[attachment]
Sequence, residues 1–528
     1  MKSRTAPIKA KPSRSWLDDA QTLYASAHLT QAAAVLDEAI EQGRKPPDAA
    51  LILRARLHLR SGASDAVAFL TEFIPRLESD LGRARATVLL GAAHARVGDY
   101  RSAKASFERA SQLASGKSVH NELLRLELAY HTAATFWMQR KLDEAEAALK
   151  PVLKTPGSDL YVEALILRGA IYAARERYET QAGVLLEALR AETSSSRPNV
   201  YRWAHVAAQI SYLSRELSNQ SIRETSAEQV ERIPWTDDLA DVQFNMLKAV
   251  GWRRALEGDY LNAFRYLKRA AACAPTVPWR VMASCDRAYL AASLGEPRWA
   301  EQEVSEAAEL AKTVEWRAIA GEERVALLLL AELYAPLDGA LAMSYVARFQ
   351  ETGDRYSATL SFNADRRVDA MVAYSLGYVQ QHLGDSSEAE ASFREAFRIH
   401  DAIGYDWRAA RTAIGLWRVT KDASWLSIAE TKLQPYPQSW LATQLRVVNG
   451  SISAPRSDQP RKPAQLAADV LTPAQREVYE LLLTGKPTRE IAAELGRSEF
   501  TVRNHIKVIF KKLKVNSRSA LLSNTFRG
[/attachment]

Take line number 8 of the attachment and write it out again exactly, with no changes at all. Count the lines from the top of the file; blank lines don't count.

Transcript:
   301  EQEVSEAAEL AKTVEWRAIA GEERVALLLL AELYAPLDGA LAMSYVARFQ